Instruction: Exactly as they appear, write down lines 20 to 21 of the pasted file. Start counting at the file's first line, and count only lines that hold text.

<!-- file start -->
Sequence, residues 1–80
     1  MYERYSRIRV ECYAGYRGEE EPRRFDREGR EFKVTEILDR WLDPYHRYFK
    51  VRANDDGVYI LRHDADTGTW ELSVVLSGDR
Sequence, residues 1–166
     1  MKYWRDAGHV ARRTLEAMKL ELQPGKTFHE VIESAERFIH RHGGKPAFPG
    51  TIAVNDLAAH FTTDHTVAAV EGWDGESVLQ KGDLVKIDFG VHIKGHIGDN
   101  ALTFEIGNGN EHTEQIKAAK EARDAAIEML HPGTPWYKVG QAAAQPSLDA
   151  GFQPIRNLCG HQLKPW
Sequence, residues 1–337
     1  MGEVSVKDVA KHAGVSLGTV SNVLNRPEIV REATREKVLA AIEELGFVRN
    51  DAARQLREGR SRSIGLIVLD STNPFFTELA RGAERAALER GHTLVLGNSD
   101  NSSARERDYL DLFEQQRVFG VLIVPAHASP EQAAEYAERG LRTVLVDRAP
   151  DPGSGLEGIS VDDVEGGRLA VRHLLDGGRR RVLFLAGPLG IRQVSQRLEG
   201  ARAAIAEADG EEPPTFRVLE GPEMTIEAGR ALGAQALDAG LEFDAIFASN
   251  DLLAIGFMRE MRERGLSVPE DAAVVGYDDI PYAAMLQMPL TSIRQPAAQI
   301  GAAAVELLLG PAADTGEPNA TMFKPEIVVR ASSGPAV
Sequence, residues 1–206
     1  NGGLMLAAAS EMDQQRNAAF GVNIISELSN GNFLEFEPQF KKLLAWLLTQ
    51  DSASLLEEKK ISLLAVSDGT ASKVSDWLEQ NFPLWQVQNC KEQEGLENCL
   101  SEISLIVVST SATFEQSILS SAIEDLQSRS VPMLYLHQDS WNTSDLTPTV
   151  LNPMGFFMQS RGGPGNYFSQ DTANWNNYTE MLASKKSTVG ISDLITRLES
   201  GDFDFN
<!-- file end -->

   101  SEISLIVVST SATFEQSILS SAIEDLQSRS VPMLYLHQDS WNTSDLTPTV
   151  LNPMGFFMQS RGGPGNYFSQ DTANWNNYTE MLASKKSTVG ISDLITRLES